Title

Religiousness, Social Networks, Moral Schemas, and Marijuana Use: A Dynamic Dual-Process Model of Culture and Behavior

Keywords

religion, marijuana, adolescence, culture, social networks, behavior, dual-process model

Abstract

Drawing on insights from a dual-process model of culture, social networks, and behavior, this study develops a model that specifies the associations among religiousness and marijuana use during adolescence and young adulthood. In particular, the model highlights potential reciprocal associations among religiousness, marijuana use, drug-using peer networks, religious peer networks, and moral schemas. Analyses of longitudinal data from the National Survey of Youth and Religion (NSYR; n = 2,276) provide some support for the model. In particular, religious and drug-using peer networks play a key role in understanding how marijuana use and religiousness are mutually related during adolescence and young adulthood.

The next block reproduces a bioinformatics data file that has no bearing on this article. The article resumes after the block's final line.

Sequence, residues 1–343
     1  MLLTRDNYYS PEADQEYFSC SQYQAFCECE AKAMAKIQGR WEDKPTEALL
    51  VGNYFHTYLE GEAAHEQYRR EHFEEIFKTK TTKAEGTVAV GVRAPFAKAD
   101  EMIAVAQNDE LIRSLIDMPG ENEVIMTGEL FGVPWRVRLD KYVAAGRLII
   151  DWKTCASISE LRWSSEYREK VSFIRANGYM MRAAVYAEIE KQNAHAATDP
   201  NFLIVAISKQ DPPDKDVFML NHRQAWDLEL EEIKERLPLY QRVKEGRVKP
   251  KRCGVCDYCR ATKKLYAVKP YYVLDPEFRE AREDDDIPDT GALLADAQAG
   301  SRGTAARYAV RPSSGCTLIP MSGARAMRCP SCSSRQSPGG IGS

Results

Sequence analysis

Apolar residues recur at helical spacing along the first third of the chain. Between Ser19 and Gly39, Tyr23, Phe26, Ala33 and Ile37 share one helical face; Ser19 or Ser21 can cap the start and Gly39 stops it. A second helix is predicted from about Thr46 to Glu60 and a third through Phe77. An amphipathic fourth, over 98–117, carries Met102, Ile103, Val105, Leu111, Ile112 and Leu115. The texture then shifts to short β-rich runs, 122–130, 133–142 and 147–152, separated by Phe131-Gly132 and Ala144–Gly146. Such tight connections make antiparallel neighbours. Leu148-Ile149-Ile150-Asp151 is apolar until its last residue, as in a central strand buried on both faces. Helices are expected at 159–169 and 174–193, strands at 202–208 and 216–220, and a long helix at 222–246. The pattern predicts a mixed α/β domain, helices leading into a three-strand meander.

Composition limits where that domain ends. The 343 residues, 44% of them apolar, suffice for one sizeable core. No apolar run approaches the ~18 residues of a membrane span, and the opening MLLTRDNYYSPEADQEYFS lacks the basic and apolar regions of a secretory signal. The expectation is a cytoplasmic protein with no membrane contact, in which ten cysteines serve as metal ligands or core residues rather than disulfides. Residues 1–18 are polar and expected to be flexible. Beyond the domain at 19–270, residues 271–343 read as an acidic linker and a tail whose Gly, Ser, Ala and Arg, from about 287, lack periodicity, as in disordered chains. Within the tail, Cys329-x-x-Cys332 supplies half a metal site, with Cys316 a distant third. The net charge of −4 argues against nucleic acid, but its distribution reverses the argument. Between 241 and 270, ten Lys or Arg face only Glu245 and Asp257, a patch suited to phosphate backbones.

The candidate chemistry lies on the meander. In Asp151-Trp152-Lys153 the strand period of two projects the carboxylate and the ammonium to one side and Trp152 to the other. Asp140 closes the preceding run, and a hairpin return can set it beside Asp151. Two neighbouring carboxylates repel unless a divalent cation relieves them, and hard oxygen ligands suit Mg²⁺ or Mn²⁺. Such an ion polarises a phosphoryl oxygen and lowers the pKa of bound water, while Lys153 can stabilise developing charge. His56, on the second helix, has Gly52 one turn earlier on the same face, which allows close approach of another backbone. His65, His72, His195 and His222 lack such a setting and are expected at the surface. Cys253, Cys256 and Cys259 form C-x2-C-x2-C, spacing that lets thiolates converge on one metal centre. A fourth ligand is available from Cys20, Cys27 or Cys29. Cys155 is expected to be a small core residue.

Original Publication Citation

Hoffmann, John P. 2014. “Religiousness, Social Networks, Moral Schemas, and Marijuana Use: A Dynamic Dual-Process Model of Culture and Behavior.” Social Forces 93(1): 181-208.

Document Type

Peer-Reviewed Article

Publication Date

2014-9

Publisher

Social Forces

Language

English

College

Family, Home, and Social Sciences

Department

Sociology

University Standing at Time of Publication

Full Professor

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